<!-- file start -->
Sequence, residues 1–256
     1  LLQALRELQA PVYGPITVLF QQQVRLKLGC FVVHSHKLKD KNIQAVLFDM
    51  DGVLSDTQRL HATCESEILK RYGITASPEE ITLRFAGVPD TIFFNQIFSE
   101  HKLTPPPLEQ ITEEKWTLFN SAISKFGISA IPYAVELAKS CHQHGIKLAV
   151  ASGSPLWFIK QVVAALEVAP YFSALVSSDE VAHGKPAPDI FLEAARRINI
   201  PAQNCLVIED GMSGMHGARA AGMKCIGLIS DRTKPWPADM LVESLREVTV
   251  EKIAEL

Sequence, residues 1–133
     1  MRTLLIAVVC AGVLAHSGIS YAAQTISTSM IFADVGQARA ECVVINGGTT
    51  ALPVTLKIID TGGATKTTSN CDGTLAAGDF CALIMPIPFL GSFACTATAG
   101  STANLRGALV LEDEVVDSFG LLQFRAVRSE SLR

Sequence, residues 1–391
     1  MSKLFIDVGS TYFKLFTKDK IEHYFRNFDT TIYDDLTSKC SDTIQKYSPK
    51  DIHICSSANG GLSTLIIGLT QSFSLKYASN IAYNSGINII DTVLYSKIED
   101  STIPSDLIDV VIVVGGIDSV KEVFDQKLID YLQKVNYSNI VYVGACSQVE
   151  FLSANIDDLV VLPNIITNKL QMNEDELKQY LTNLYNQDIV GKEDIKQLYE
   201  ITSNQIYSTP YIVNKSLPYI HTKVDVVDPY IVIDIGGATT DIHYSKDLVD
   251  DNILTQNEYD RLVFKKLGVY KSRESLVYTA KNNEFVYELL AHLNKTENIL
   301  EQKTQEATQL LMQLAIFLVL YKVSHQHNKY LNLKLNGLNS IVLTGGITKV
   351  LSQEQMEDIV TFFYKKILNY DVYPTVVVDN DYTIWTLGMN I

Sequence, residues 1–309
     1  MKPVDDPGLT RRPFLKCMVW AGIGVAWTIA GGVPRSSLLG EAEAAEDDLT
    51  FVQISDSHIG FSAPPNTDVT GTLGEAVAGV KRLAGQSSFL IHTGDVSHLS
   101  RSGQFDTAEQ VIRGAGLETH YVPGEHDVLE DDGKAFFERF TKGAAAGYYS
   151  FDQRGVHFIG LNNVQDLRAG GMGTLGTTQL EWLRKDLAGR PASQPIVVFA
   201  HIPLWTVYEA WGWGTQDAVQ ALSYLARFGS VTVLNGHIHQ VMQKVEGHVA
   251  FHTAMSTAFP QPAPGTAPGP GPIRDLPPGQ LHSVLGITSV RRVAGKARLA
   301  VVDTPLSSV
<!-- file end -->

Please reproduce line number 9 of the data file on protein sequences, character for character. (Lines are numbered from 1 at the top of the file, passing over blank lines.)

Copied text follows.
     1  MRTLLIAVVC AGVLAHSGIS YAAQTISTSM IFADVGQARA ECVVINGGTT